The Salford Red Devils Foundation are currently running a project called ‘Younger Stars’ for school years six to nine, who could get an opportunity to play at under-12 and under-14 level in a Tri-Series against Bradford Bulls and Huddersfield Giants this summer.
Speaking to MM, Blackburn explained the aims of this project.
“To get kids involved in rugby, we want to develop local guys to become Super League players for the club,” he said.
“It gives them a healthy lifestyle, it teaches them within the team rather than working in gangs. It sets it up as lifestyle.”
As well as being Head of Foundation, Blackburn currently coaches Salford Red Devils’ Reserve Team, who compete in the Reserves League — a platform for young players to showcase their skills and use it as a springboard for them to play in Super League.
Salford’s financial constraints place extra emphasis on reserve team rugby at the club.
“We then have another pathway, a reserve team,” Blackburn said. “So there’s a full pathway from six years of age right through to Super League, and we look after that element of the club.
“The main reason for the reserves is to develop young players for the future rather than paying £300,000 out for an Australian or an Islander.
“We look for talent, but ultimately, it’s about finance. Salford haven’t got the finance, so we have to develop our own players.”
The increased opportunity which Salford Red Devils Foundation provide, opens up avenues for young rugby league enthusiasts from North West England, including individuals who could be surplus to requirements at other Super League clubs in the region.
Lewis Lockett, Community Development Manager at Salford Red Devils Foundation, explained: “We run slightly differently to other professional clubs where they can be a bit more selective.”
“They run scholarships and academies as well. We don’t at this moment in time because of our category system, so that gives us a blessing in that we can develop a lot more kids — kids from not just our area, but from Wigan, Warrington, and outside the area as well.
“So, children who haven’t had a look in at Wigan, Warrington or St Helens for whatever reason, have got the opportunity to come here and have a quality training programme and schedule, and be with us for a long amount of time as they would be in a scholarship situation anyway. This helps them develop.”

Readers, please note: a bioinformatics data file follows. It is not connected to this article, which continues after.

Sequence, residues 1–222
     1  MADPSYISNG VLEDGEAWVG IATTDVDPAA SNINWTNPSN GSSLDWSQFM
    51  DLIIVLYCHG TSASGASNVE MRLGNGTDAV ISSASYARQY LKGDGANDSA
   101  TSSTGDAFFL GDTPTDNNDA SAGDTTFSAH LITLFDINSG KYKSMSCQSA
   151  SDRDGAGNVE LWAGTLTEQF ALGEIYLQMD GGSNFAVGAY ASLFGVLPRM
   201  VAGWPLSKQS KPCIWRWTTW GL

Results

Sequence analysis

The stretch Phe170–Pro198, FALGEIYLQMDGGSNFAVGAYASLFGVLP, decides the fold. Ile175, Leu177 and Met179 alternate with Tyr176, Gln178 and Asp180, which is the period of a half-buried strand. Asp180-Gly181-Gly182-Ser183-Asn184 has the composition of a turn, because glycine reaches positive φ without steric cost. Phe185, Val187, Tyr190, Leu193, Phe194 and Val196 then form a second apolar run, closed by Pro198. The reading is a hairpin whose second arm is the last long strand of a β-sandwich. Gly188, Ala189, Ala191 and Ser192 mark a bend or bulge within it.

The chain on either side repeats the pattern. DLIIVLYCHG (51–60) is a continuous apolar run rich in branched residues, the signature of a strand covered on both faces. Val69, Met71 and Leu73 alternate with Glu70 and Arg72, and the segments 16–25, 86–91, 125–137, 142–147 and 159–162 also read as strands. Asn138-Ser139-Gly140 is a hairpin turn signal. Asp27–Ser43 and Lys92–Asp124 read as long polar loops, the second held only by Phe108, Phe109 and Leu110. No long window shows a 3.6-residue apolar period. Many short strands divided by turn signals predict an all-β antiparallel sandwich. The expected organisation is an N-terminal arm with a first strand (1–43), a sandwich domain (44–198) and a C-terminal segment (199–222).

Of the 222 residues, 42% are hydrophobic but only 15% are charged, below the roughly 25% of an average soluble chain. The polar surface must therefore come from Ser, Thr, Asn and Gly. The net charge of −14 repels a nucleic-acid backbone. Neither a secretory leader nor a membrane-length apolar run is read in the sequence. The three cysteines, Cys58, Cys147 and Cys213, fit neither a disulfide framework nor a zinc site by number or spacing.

Devils prepare to take on Warriors
Examples of players who have been successfully nurtured into top Super League players via Salford’s academy are Niall Evalds and Jake Bibby.
The pair were influential in Salford’s run to the Rugby League Grand Final last season, but tomorrow they will line up on opposite sides when Salford welcome Wigan Warriors to the AJ Bell Stadium.
Bibby moved to Wigan at the end of last season as former Warrior Dan Sarginson moved in the opposite direction.
Speaking to MM ahead of tomorrow’s crunch game against his old club, Sarginson insisted that his current side must “meet fire with fire” when they welcome Super League leaders Wigan Warriors to the AJ Bell Stadium tonight.
“We need to meet fire with fire really and take it to them,” Sarginson told MM.
“When you play the big sides, they bring out the best in you, and we’ve got to be at the top of our game to even compete with them.
Salford have won just one out of their first six games so far this term.
Wigan, meanwhile, have lost just one out of six, winning the other five, but Sarginson believes that this could help bring out the best in Salford.
“I know with the Wigan, Saints and Warrington games, the boys are usually fully fired up for them games and we probably play a bit better than we usually do so that will certainly help us,” the Australian centre said.
Wigan are a team in white hot form right now, they’ve won their last four Super League games and scored 130 points in the process in victories over Toronto Wolfpack, Hull FC, Huddersfield Giants and Hull KR.
Salford have a huge task in front of them tonight, but if they repeat their semi-final heroics of last season and beat Wigan, it could well be the catalyst to kick start a run of form for last year’s Grand Final runners-up.
Sarginson played for Wigan in last season’s Super League semi-final that Salford won 28-4 at the DW Stadium, but tonight he will be playing for Salford at the AJ Bell.
He added: “We’ve had a pretty poor start but we can pick up towards the back end, so I think it’s how you finish the season that’s important.
“If we can beat a team top of the league, it’s obviously massive for our confidence, and to be honest we just need two points now and any win will do for us. But if we can take down top of the league it’s certainly puts us on a step.”
Image in the main body of the text taken by Dane Massey, with thanks to Salford Red Devils.